A woman from Chesterfield has started a petition to get fibromyalgia, a long-term chronic pain condition, recognised as a disability.
Adrienne Lakin, whose mother and three sisters also suffer from the condition, started the Change.org petition, which is aiming for 15,000 signatures.
It’s been live for two weeks and with the current tally over 12,500 it’s well on the way to reaching its target.
— Leeann Lakin (@Leebee2202) February 26, 2017
What is Fibromyalgia?
According to the NHS Fibromyalgia, also called fibromyalgia syndrome (FMS), is a medical condition characterised by chronic widespread pain and heightened pain response to pressure.
The exact cause of Fibromyalgia is not known but its thought to be related to abnormal levels of certain chemicals in the brain and changes in the way the central nervous system processes pain messages carried around the body.
In many cases the condition is triggered by a traumatic event, such as an injury, giving birth, an operation and the breakdown of a relationship.
Women are seven times more likely to develop fibromyalgia than men and some estimates suggest 1 in 20 people may be affected to some degree.
What is its current status?
Fibromyalgia is classed as a disability in the US, Australia and even Northern Ireland whose health service is separate from the NHS.
In England fibromyalgia is currently considered an ‘impairment’ which means sufferers are afforded a lesser quality of care than those with accepted disabilities.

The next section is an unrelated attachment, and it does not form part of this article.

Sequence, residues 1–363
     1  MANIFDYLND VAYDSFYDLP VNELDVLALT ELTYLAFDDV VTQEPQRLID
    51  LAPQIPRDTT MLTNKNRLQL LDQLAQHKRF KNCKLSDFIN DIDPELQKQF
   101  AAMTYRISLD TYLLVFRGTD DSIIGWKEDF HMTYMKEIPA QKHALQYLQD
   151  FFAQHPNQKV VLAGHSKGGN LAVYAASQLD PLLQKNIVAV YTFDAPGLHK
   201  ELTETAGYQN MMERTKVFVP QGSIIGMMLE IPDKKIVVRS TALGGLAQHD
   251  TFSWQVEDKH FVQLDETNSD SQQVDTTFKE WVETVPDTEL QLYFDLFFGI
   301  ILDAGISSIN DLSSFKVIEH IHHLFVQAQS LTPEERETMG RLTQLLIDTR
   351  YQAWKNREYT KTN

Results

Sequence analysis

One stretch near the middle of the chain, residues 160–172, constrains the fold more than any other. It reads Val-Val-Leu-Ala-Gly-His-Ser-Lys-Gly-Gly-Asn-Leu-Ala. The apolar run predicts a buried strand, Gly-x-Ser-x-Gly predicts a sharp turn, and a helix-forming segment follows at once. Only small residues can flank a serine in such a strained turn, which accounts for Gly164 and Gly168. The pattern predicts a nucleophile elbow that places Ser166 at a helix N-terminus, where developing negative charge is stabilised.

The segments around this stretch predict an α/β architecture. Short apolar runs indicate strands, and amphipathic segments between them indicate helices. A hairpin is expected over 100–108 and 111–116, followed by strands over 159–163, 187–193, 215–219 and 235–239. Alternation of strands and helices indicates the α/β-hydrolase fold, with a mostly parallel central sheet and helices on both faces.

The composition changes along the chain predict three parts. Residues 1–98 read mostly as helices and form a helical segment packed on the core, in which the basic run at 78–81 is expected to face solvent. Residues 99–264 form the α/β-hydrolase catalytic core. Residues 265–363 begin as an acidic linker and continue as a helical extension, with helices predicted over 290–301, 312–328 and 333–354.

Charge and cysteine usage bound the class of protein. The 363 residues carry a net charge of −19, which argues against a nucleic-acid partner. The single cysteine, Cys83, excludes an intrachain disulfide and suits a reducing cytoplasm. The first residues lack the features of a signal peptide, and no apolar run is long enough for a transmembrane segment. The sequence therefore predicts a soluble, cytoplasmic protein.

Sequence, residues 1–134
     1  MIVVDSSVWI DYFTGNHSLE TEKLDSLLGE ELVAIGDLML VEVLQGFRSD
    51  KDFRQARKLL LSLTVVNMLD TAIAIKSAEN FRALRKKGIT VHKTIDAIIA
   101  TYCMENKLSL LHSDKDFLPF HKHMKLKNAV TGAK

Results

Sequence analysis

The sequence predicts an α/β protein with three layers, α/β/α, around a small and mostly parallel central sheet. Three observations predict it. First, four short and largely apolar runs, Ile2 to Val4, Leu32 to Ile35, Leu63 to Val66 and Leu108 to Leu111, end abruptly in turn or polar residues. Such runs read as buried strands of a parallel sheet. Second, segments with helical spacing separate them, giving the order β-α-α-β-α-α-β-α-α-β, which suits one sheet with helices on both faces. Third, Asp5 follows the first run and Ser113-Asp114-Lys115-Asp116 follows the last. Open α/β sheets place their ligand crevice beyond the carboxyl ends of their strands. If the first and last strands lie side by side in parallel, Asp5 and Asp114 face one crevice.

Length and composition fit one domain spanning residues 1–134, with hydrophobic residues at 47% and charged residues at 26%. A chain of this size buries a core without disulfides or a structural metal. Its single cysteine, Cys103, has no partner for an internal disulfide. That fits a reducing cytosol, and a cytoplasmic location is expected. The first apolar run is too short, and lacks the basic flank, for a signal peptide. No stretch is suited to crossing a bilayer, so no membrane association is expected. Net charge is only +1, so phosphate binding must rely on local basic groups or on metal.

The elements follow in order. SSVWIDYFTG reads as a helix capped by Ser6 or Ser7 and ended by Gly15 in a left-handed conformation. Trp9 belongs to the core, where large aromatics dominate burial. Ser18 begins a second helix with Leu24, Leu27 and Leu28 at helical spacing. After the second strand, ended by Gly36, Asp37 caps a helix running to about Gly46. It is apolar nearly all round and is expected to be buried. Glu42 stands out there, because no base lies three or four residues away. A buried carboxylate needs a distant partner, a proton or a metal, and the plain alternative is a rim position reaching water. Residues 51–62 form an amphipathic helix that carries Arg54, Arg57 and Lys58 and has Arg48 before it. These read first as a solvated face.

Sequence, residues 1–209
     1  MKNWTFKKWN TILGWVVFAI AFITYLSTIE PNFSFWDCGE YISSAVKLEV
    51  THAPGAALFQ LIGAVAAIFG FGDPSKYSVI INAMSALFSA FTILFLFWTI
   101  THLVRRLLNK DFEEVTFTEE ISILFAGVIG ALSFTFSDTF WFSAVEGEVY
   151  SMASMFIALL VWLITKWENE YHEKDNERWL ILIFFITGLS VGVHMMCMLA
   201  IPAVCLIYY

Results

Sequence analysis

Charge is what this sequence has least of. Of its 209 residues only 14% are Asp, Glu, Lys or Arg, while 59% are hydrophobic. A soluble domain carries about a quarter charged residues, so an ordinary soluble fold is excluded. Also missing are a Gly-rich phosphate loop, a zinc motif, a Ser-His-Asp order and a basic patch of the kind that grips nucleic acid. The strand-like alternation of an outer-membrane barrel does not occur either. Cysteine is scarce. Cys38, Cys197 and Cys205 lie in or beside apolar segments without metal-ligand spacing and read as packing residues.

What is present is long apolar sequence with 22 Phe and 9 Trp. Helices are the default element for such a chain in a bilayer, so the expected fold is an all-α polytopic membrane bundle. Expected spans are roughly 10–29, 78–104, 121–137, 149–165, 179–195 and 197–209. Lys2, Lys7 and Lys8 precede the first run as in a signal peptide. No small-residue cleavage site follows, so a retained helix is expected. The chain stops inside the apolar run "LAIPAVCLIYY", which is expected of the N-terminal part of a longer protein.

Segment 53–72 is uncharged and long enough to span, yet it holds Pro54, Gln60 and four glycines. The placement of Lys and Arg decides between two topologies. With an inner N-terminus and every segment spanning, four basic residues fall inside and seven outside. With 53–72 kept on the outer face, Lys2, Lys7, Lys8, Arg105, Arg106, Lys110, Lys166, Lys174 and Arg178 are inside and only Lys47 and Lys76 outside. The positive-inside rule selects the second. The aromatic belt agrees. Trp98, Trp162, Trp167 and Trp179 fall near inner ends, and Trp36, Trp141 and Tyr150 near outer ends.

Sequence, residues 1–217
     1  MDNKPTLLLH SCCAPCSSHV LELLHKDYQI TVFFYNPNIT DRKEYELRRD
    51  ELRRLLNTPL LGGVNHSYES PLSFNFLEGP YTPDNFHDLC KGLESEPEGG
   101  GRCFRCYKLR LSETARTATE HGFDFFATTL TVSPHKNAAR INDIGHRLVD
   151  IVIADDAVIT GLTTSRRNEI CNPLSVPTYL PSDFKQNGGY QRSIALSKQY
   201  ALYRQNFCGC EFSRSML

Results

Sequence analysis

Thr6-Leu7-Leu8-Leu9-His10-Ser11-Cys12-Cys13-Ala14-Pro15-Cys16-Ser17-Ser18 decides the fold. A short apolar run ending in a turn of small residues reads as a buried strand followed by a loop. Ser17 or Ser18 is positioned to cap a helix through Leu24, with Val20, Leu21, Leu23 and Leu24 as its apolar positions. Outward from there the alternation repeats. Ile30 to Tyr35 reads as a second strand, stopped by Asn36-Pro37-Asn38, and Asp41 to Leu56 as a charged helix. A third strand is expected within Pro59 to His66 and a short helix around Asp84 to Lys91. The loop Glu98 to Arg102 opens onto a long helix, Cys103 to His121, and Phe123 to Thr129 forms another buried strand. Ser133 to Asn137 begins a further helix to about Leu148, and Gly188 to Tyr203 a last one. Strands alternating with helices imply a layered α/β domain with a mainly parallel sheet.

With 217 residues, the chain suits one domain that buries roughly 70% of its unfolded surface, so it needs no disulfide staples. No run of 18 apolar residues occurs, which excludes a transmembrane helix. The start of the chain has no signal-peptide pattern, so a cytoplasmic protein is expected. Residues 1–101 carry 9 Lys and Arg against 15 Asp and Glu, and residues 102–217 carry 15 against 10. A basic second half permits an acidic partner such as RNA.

This is because the severity of pain experienced by sufferers fluctuates from person to person.
Adrienne disputes this, however, and says it leaves those like herself, her mother and her sisters, who all experience frequently debilitating pains, without the treatment they need and deserve.
“It’s taken away the person I was before it got this bad”
Adrienne says the pain flares up constantly and prevents her from performing even the simplest everyday tasks:
“Trying to get out of bed in the morning with every part of your body hurting and pins and needles and feeling lie you’re getting ripped apart. I can’t do a lot every day because otherwise I end up exhausted.”
Adrienne also struggles with depression and anxiety, part and parcel of the condition, and has trouble remembering things – a side-effect dubbed ‘fibro-fog’.
Support groups receive no funding
Adrienne met with Chesterfield MP Toby Perkins to discuss getting the issue into parliament and was pleased with his response.
“I think it went very well. He listened to everything that I had to say and put forward,” Adrienne said in a video posted to her dedicated site.
She advised him that more assistance was needed in communities, with the Chesterfield support group and similar groups receiving no government funding, and said Mr. Perkins committed to bringing the issue to the attention of the Department of Work and Pensions.
She’s also received support from a parliament commissioner who’s wife suffers from the condition and the Fibromyalgia Association UK.
“We need to continue to stand up as fibro-fighters, as warriors”
Adrienne is delighted by the response the petition has received but admits there’s still a way to go before the issue can be put to MPs in the Commons.
15,000 signatures is sure to increase awareness for the cause but 100,000 are needed to take it to parliament. Adrienne is grateful for the support and says she’ll keep fighting to get her disability recognised.
“All I can say is thank you to everyone who’s joined this cause so far, for not just myself but for all the other fibro-fighters as well.”